• How Employee Assistance Programs Can Help Your Whole Company Address Racism at Work

      Frey, Jodi J (Harvard Business Review Press, 2020-10-14)
      It may surprise some employers to know that when employees experience racism and/or other forms of discrimination and oppression, one of the places they can turn for help is their Employee Assistance Program or EAP. While EAPs are thought of more often for use by employees for short-term counseling and referrals to help employees manage personal problems so that they don’t interfere with work performance and productivity, it is important to remember that EAPs also provide workplaces with services including organizational assessment, management consultation and strategic crisis prevention and response. It is precisely because of this mix of individual and organizational level of services that EAPs are in a unique position to help employees work through the trauma of racism and to provide workplace leaders with an invaluable insider view of complex workplace problems, including racism.
    • How to talk to your children about racism

      Concern EAP (Concern EAP, 2020)
      As protests spill into a second week, many parents are struggling with the need to protect their children from seeing the worst of the violence while at the same time trying to explain the consequences of racism. Whether from social media, talking with friends, or overhearing conversations, children know what’s going on. This might be a good time to start a conversation so that they don’t have to navigate their feelings alone, and to keep the conversation going when we’re not in a crisis mode.
    • U.S. Businesses Must Take Meaningful Action Against Racism

      Roberts, Laura Morgan; Washington, Ella F. (Harvard Business Review, 2020-06-01)
      More than one pandemic is affecting the lives of people in the United States. While COVID-19 is one issue, racism is another. This article provides guidance on missteps to avoid when addressing inclusion in the workplace, as well as a framework of ways for companies to take meaningful action to show greater compassion for and better support marginalized workers.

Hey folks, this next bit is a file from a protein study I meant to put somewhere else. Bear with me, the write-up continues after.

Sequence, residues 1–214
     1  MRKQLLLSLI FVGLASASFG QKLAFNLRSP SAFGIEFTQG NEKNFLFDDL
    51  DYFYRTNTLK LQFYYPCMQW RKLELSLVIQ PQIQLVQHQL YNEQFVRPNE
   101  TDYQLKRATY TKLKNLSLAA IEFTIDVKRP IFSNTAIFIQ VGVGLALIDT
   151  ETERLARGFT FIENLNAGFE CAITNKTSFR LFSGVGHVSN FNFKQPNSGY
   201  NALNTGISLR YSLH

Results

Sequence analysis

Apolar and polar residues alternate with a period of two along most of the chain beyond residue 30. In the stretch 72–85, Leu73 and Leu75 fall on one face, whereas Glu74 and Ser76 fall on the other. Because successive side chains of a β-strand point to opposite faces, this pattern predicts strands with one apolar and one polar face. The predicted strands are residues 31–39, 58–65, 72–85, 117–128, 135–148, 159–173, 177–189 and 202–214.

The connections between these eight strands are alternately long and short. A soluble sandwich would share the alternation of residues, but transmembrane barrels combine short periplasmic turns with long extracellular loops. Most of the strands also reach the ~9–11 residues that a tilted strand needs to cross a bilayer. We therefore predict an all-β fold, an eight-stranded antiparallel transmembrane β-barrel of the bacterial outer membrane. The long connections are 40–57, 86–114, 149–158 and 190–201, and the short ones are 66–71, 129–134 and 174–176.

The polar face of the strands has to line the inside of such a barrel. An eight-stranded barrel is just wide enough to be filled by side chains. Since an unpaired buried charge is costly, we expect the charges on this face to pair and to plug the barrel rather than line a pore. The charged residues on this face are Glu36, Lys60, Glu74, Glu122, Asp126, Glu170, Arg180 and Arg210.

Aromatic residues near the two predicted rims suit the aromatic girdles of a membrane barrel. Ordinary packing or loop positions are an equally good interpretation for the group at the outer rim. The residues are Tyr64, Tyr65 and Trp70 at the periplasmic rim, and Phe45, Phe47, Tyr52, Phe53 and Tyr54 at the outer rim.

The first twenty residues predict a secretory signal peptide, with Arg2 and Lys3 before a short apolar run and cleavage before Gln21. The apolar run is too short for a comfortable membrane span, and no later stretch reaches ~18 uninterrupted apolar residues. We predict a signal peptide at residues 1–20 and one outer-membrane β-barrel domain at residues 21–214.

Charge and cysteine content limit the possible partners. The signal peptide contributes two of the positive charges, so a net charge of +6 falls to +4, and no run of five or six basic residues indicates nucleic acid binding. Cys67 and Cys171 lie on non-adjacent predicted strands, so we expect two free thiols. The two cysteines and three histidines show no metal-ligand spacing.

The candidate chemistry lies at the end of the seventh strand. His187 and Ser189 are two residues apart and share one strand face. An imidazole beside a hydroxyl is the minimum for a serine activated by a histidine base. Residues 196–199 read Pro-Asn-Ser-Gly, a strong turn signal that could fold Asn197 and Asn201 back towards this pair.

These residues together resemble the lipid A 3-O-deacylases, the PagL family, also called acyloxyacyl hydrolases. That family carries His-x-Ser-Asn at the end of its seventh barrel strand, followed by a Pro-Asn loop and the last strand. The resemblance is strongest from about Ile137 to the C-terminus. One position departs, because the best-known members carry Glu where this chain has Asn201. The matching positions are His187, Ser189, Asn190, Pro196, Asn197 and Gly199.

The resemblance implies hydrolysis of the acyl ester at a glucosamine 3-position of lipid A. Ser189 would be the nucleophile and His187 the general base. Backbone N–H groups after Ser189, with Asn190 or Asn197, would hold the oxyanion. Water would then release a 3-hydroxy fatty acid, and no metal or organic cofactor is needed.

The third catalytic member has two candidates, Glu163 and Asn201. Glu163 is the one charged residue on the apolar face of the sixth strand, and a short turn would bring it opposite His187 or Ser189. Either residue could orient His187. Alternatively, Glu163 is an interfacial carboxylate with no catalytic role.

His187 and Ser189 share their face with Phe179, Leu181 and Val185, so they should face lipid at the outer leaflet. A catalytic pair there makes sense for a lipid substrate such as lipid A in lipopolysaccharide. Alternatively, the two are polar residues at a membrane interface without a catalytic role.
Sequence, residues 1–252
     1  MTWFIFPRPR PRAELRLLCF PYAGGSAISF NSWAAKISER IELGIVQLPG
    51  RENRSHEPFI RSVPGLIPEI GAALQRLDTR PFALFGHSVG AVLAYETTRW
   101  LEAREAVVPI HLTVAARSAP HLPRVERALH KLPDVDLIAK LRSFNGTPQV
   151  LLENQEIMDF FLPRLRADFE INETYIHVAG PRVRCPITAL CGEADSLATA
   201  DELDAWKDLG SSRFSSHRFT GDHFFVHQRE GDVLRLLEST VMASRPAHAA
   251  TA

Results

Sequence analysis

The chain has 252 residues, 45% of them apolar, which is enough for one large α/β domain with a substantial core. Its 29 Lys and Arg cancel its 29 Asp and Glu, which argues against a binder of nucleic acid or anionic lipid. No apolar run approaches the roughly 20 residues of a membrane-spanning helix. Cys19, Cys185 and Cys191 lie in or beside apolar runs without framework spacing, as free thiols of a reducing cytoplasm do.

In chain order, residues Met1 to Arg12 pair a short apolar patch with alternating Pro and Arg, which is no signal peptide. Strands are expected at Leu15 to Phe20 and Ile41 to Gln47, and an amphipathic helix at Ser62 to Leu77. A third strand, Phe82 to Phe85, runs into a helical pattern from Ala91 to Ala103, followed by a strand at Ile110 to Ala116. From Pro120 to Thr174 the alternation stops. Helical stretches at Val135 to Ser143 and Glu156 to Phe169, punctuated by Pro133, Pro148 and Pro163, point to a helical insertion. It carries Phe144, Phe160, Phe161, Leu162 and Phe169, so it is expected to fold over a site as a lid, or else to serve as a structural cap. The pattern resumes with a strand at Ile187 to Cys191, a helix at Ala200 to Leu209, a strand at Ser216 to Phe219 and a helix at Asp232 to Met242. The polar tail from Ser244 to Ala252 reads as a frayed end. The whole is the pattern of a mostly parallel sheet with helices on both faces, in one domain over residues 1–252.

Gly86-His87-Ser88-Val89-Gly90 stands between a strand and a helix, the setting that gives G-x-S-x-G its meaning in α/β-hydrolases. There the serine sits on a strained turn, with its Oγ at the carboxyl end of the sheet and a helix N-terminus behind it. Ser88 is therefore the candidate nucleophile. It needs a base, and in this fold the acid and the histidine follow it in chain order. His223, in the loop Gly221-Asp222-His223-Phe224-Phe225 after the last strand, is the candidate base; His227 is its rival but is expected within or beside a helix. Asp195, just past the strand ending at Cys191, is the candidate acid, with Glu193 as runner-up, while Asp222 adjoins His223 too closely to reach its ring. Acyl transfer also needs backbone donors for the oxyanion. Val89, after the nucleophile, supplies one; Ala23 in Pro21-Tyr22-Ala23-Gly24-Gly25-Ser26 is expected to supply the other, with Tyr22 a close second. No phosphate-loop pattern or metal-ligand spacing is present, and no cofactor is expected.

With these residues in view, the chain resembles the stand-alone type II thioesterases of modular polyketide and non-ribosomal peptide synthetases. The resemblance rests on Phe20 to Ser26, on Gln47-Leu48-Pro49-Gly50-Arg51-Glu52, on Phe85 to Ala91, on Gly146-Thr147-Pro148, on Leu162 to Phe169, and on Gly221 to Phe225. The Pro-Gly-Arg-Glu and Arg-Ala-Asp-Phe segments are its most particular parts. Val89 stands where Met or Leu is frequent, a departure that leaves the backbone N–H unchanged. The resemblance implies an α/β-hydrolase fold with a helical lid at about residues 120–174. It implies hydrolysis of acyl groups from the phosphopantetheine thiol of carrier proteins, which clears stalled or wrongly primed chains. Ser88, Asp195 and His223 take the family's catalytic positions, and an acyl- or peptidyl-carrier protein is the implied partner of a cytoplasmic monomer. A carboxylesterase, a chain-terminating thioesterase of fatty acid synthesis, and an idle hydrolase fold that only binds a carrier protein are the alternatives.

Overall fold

• Understanding Financial Behavioral Health and Race (Racism), and their Association with Investment Risk Willingness

      Anvari-Clark, Jeffrey; Frey, Jodi J; 0000-0003-3234-8549 (2022)
      The conception of financial behavioral health (FBH) is new and lacks a common definition. This dissertation frames FBH as being comprised of financial precarity, financial self-efficacy (FSE), and financial well-being, and has the potential to influence multiple other behavioral health domains. The literature review shows how each component of FBH relates to other domains of behavioral health, including mental health, physical health, coping health, and social health. Stress and life course theory and insights on scarcity from the behavioral sciences are used to understand how FBH impacts the human condition, which, in a negative context, can manifest as money disorders. To explore FBH empirically, data from the 2018 National Financial Capability Study (N = 27,091; FINRA Investor Education Foundation, 2018) was used. First, a measure of financial precarity was constructed with both objective and subjective components, using exploratory and confirmatory factor analyses, and achieved adequate fit. Next, the relationship between FBH and its component parts was assessed, again with adequate fit. The study attempted to determine how a subset of Black and White survey respondents experienced FBH differently, according to collectivist or individualist financial values orientations. However, it was found through measurement invariance testing that although the FBH model had an excellent fit for White respondent data, it poorly fit the data from Black respondents. Due to the model variance, determining further impact of racial group affiliation on the outcome could not be conducted. The study concluded with a structural equation modeling analysis and determined that, controlling for key demographic variables, FBH accounted for 37% of the variance in investment risk willingness (R2 = .368; β = 0.256, p < .001). The project contributes a new measure of financial precarity and a basis for FBH. The variance between the sub-groups may indicate that the survey questions are inadequately capturing the collectivist experience by which many people treat their finances. The project shows how finances can have a psycho-behavioral impact on well-being and decisions, the influence FBH has on investment risk willingness, and suggests that low FBH may perpetuate wealth gaps.
    • What can I do to help?

      Perspectives, 2020
      As you are navigating your own response to the global and domestic unrest, remember that it’s hard for anyone to have the “right” answers or know what to say. Most of us feel out of control of our lives, fearful for our own safety and the safety of the people we care about and scared of impending changes to the world. For some, this anxiety over the future can be emotionally draining while for others it can spark frustration or rage. Instead of feeling helpless, here are some of our suggestions for how to be an active part of what’s going on, while maintaining your safety.